A Lazy Sequence

Microservice premium

17 May 2015

martinfowler.com

Martin Fowler:

The fulcrum of whether or not to use microservices is the complexity of the system you're contemplating. The microservices approach is all about handling a complex system, but in order to do so the approach introduces its own set of complexities. When you use microservices you have to work on automated deployment, monitoring, dealing with failure, eventual consistency, and other factors that a distributed system introduces. There are well-known ways to cope with all this, but it's extra effort, and nobody I know in software development seems to have acres of free time.

Alternate hard and soft layers

08 May 2015

www.c2.com

Still the one of the most valuable architectural patterns I have encountered. Just what it says on the tin.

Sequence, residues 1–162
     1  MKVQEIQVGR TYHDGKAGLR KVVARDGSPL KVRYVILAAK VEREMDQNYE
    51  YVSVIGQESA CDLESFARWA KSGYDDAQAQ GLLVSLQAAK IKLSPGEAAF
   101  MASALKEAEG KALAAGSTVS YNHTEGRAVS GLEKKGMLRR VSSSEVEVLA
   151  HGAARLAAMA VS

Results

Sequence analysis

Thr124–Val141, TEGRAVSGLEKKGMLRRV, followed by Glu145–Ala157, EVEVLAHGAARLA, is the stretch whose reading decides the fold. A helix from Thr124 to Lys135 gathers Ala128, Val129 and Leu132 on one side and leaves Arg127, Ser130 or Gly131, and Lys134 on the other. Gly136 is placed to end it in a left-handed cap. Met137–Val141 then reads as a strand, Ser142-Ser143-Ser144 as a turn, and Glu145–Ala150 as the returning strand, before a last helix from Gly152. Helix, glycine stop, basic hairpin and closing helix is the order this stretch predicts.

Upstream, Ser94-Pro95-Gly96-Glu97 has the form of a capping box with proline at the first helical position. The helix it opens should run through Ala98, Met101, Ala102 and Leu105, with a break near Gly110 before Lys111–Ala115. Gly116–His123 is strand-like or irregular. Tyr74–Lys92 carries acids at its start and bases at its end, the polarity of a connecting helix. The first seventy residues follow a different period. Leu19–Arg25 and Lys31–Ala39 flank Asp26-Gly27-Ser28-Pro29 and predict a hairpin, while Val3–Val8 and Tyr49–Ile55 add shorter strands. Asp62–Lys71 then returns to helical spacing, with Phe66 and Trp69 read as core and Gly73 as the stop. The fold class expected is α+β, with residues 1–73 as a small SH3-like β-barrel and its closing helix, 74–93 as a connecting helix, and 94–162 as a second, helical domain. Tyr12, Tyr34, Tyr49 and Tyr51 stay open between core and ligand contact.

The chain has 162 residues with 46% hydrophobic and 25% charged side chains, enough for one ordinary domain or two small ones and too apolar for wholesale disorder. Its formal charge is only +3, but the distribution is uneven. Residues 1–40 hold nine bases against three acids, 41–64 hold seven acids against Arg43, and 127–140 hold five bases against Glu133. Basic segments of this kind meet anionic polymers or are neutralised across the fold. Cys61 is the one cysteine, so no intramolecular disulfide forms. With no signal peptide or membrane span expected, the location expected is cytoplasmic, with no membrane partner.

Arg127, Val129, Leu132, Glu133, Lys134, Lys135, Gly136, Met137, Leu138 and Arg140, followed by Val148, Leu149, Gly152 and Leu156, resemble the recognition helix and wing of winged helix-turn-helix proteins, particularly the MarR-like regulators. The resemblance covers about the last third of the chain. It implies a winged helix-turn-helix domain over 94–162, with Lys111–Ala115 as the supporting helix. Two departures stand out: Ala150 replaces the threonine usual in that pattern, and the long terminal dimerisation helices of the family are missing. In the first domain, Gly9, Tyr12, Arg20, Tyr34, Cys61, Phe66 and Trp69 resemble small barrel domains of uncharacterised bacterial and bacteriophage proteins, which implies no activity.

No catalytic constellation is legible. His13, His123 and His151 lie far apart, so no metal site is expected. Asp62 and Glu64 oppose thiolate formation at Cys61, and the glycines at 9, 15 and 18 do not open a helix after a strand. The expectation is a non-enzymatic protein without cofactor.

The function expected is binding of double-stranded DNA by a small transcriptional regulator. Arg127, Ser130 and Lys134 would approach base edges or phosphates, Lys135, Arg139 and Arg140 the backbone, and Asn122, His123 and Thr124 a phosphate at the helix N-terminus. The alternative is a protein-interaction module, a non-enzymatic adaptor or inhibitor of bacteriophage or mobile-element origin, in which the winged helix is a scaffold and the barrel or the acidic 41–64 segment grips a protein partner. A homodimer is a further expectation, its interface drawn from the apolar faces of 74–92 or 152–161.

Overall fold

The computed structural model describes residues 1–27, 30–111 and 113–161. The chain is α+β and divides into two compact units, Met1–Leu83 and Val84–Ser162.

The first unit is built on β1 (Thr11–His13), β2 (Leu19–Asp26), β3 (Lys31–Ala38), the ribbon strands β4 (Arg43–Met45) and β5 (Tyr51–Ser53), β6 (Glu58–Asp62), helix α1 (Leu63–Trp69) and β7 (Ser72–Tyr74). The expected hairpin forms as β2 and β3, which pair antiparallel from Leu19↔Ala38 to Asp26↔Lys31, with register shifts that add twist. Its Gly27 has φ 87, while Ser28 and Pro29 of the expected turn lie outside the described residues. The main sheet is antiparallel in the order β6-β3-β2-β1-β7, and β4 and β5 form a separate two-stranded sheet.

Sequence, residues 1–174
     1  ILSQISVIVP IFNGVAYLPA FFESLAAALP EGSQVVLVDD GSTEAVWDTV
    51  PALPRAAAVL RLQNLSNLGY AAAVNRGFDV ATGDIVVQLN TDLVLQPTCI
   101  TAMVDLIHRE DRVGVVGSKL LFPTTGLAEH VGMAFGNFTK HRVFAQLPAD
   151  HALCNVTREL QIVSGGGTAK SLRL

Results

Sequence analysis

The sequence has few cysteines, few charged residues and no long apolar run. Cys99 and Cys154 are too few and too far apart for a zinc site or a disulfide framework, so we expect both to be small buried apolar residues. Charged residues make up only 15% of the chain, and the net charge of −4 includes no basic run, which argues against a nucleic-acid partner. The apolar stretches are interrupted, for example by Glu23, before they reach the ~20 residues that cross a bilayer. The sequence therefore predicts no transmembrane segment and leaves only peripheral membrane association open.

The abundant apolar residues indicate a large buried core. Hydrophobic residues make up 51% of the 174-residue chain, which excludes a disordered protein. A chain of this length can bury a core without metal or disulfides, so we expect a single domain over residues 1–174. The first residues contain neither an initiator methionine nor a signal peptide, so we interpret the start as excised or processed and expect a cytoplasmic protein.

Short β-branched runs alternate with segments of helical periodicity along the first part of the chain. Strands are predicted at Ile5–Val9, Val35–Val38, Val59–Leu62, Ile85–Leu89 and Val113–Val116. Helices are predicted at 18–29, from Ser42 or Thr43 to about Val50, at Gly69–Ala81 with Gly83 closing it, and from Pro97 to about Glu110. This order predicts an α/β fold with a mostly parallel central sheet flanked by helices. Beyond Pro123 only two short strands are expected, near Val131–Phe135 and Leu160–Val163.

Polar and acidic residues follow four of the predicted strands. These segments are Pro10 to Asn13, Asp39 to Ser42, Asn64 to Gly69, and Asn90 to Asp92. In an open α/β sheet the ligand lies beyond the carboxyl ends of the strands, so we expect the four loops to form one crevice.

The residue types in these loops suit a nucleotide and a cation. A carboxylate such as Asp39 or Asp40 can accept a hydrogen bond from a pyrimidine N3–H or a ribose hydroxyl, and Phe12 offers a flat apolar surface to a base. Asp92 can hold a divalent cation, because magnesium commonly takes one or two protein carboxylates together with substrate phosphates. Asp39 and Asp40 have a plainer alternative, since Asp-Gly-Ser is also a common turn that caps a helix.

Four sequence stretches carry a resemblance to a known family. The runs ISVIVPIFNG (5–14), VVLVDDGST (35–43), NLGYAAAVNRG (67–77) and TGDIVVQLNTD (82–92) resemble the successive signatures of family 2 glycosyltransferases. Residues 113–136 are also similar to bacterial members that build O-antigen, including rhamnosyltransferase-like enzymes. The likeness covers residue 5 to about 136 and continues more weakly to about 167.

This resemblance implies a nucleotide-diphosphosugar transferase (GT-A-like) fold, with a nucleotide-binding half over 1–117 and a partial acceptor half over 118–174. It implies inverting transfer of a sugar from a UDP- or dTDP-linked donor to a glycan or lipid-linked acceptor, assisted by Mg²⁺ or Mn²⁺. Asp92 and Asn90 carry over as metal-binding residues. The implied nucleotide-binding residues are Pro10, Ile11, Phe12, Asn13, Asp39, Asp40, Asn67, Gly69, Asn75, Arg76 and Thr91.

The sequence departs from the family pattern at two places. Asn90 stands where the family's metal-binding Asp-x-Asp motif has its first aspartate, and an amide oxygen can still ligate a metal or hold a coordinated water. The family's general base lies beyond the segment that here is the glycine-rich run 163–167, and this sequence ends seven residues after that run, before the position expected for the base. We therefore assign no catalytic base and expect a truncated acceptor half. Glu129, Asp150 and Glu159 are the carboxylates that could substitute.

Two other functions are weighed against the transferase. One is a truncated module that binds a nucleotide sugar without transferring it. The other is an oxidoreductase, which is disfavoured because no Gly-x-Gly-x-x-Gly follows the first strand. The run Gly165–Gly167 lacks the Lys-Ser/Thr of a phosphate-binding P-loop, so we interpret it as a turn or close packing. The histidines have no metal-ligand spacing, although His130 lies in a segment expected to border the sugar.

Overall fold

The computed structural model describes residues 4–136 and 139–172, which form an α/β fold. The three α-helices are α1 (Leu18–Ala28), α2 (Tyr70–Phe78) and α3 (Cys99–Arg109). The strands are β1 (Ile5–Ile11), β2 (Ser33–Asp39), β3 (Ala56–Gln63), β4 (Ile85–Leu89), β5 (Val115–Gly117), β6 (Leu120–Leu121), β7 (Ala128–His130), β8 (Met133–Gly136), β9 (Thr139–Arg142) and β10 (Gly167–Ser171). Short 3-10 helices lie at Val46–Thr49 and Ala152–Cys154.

What is the appeal of dynamically-typed languages?

08 May 2015

gist.github.com

Erik Osheim:

Obviously the biggest problem with writing Python compared to Scala is that you have many fewer static guarantees about what the program does. I'm not going to sugarcoat this — it's a big disadvantage.

Most of the other advantages have to be understood in terms of this. If you value compile-time guarantees you may be tempted not to acknowledge the advantages. I think this is a mistake. If you really want to understand what makes writing Python appealing (or even fun), you have to be willing to suspend disbelief.